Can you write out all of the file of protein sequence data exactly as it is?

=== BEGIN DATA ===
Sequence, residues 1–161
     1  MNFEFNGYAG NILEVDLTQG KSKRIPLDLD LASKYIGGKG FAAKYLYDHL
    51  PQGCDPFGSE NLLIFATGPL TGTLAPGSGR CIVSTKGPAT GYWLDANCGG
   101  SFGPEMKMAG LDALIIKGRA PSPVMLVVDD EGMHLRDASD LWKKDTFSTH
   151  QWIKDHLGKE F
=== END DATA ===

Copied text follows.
Sequence, residues 1–161
     1  MNFEFNGYAG NILEVDLTQG KSKRIPLDLD LASKYIGGKG FAAKYLYDHL
    51  PQGCDPFGSE NLLIFATGPL TGTLAPGSGR CIVSTKGPAT GYWLDANCGG
   101  SFGPEMKMAG LDALIIKGRA PSPVMLVVDD EGMHLRDASD LWKKDTFSTH
   151  QWIKDHLGKE F